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Keep Shooting! Photography Assignments (04 Feb 2013)

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Longer exposure or higher ISO?

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3 years 3 weeks ago #6195 by Tim Shrimpton
Hi everyone!

Took a couple of night shots a couple of days ago which were a first for me. It was windy and kind of cold and my friend who was with me didn't have a jacket (!), so I didn't stay real long to play with things, but I got a couple of decent shots, all at ISO 100 and a longer exposure (20-30 seconds). It got the light trails I wanted, but I wondered what other people do. Would you up the ISO a bit in that case to allow for slightly shorter exposure? Would that change the look of the photo at all? I know both long exposure and higher ISOs introduce more noise to an image, so it seems about a horse a piece in that regard.

Anyway, here are two similar images that I got. Thanks for taking the time to think about my questions!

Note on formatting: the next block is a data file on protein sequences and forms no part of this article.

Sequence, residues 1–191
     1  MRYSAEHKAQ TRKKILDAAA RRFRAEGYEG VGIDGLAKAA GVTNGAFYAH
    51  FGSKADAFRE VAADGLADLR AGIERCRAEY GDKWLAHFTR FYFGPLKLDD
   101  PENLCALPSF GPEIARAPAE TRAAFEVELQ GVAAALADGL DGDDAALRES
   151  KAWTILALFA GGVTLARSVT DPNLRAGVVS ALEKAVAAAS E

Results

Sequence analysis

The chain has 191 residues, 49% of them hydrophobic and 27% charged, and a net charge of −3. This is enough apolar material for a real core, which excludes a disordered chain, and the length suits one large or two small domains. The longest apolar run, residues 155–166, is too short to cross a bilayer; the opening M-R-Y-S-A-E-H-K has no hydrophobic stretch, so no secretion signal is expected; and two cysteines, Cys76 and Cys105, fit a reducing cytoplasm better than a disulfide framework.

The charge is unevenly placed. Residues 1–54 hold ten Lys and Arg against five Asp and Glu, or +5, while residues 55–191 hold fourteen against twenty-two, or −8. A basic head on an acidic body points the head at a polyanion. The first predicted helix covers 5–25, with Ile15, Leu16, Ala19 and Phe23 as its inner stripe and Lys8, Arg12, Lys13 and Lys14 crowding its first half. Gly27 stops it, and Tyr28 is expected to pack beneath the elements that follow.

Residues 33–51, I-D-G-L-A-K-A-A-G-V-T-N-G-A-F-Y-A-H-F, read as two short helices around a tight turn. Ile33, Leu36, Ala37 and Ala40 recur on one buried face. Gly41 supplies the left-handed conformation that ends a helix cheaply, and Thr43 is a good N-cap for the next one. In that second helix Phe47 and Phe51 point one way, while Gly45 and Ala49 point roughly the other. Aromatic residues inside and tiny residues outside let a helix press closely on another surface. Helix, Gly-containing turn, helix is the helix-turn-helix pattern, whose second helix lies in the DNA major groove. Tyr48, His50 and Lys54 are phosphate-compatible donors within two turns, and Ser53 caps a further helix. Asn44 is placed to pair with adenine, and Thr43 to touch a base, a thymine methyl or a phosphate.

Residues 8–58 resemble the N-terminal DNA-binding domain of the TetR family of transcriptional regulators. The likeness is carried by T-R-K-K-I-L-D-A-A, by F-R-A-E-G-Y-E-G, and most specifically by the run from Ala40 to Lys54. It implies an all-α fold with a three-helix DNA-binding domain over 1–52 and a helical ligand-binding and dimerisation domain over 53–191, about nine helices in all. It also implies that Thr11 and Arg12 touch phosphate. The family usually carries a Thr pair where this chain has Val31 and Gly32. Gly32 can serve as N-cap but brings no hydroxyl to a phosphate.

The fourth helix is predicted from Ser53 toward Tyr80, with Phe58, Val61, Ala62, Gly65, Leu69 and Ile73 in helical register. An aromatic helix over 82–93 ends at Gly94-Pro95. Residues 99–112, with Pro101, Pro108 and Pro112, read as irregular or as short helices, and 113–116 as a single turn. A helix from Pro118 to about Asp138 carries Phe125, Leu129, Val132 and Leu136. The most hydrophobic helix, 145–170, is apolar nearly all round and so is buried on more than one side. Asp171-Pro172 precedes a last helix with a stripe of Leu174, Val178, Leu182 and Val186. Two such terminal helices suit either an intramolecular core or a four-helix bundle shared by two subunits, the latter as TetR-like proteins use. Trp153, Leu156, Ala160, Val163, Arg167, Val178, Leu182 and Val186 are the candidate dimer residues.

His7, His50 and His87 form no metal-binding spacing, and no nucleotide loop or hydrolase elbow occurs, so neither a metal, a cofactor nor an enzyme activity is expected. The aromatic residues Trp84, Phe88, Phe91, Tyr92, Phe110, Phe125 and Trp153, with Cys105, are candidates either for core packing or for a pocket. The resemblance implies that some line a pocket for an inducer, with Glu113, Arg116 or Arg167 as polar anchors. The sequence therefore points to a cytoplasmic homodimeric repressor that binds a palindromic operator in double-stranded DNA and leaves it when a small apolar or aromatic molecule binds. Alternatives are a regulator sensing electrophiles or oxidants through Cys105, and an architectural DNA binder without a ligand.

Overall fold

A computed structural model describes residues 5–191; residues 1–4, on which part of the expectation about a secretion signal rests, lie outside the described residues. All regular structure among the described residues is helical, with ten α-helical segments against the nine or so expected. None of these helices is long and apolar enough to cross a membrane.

08.24.2014 - 21.43.08 [SHR_1026].jpg by daroga28 , on Flickr

08.24.2014 - 21.46.44 [SHR_1028].jpg by daroga28 , on Flickr

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3 years 3 weeks ago #6196 by Brent Ross
you get an increase in noise slightly and a decrease in motion blur

This shot is perfect with long exposure; however, if you are trying to capture crisp distant background stars or moon on a clearer night, you'll want a faster shutter speed because even stars and especially the moon move quite fast

Still 20 to 30 seconds is still good for stars. Stars blur around the 2 minute mark. Also , you may want multiple exposures using higher ISO to capture dimmer stars
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3 years 3 weeks ago #6197 by jerry
I agree with brent on all aspects. A double exposure would give this shot the "wow" factor if you included stars.
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3 years 3 weeks ago #6199 by Tim Shrimpton
when you talk about double exposure for digital, does that mean combining them in a HDR or exposure blending sort of way on the PC after the fact?

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3 years 3 weeks ago - 3 years 3 weeks ago #6200 by Brent Ross
probably for a sky/city double exposure, you can hand mask in photoshop. I don't see a benefit to running it through the HDR merge in PS because the dynamic range of both the sky and city on their own are suitable. It's just that the sky needs a few stops more than the city.

Also note if light pollution is too bad where you are, all you will get is a yellow glow
Last Edit: 3 years 3 weeks ago by Brent Ross.

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3 years 3 weeks ago #6201 by Brent Ross

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